Hi and welcome to my overwhelming the defender game review. This is a 30min live game that I played on chess.com. This French: exchange variation has been analyzed by Deep Rybka. I got a nice exclamation “!” when I overwhelmed the defender in the key move. I played a good game with no major mistakes. I noticed I developed quickly while my opponent made more pawn moves and was slow to castle. Due to my opponents slow development I was encouraged to develop as quickly as possible and I ended up with a very strong center.
In conclusion, I believe having developed much faster than my opponent was the key to victory. Another key is that castling queenside can help get your rooks in the center much faster. In addition, having a pair of rooks on open central files is very strong. Also not playing unnecessary pawn moves early can really speed up development as well. Finally a strong center enabled me to overwhelm a key defender in blacks territory and have a quick crushing victory. Thanks for reading and I hope you enjoyed my overwhelming the defender game review.
This game will show the importance of king pawns for safety. There is also some quick development on white’s part. What I think is especially relevant in this game is that my opponent blundered early on and exposed his king. By exchanging 2 of the 3 pawns guarding it, it was left defenseless. Probably not such a good idea in light of my development. As a result I was able to take advantage of the weak king. Finally this game was set at 30 min time controls. While the computer engine analysis was done by chess.com’s analysis feature.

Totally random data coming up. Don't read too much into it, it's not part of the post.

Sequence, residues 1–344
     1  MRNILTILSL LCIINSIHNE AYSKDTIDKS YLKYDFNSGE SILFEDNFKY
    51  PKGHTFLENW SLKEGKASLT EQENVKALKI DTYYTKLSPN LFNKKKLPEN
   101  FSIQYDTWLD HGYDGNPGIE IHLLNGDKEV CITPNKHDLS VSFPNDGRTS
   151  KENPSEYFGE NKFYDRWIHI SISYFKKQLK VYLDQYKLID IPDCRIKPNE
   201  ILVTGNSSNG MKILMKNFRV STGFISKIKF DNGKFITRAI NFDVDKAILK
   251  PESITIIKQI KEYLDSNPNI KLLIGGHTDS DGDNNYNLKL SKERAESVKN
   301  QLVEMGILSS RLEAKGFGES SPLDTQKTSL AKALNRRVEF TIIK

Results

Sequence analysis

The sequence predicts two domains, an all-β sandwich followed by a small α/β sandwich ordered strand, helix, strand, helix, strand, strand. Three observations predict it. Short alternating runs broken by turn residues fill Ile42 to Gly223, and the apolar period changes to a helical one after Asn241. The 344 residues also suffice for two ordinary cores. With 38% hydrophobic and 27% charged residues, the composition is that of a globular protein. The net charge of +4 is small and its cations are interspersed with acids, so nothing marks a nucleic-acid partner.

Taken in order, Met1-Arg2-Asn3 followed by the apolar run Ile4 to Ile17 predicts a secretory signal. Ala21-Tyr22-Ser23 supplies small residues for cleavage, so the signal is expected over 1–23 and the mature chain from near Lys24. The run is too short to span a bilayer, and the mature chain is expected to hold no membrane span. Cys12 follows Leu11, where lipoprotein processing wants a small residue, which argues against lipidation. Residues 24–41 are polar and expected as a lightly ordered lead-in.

In conclusion, I was very happy when I saw my opponent came up with g5. I knew that if I played well I had already won. The are multiple options to check mate in the end due to the wide open king. Furthermore, all my pieces are all aiming at the weak king side. My only regret was not moving myrook to g3 one move earlier for a faster checkmate. I had so many pieces aiming for the f6 and f7 squares. Especially if I brought in my other rook on the f file that it was hard to let go. Consequently it did not really matter much in the end. Finally I hope you enjoyed my importance of king pawns for safety game review.